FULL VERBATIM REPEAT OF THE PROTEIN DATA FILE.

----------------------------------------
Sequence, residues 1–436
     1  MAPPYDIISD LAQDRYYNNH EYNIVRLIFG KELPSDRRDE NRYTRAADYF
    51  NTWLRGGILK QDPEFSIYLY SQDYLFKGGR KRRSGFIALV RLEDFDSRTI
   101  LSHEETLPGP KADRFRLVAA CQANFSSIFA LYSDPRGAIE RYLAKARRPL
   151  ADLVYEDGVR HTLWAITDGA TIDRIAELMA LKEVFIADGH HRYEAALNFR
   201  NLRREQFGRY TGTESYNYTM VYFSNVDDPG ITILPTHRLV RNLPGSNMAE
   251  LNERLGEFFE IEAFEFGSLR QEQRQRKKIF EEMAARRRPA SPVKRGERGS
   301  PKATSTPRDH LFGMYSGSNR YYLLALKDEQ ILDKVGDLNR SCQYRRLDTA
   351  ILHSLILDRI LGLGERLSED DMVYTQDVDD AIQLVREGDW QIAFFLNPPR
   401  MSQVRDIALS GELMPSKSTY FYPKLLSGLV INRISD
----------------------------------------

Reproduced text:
Sequence, residues 1–436
     1  MAPPYDIISD LAQDRYYNNH EYNIVRLIFG KELPSDRRDE NRYTRAADYF
    51  NTWLRGGILK QDPEFSIYLY SQDYLFKGGR KRRSGFIALV RLEDFDSRTI
   101  LSHEETLPGP KADRFRLVAA CQANFSSIFA LYSDPRGAIE RYLAKARRPL
   151  ADLVYEDGVR HTLWAITDGA TIDRIAELMA LKEVFIADGH HRYEAALNFR
   201  NLRREQFGRY TGTESYNYTM VYFSNVDDPG ITILPTHRLV RNLPGSNMAE
   251  LNERLGEFFE IEAFEFGSLR QEQRQRKKIF EEMAARRRPA SPVKRGERGS
   301  PKATSTPRDH LFGMYSGSNR YYLLALKDEQ ILDKVGDLNR SCQYRRLDTA
   351  ILHSLILDRI LGLGERLSED DMVYTQDVDD AIQLVREGDW QIAFFLNPPR
   401  MSQVRDIALS GELMPSKSTY FYPKLLSGLV INRISD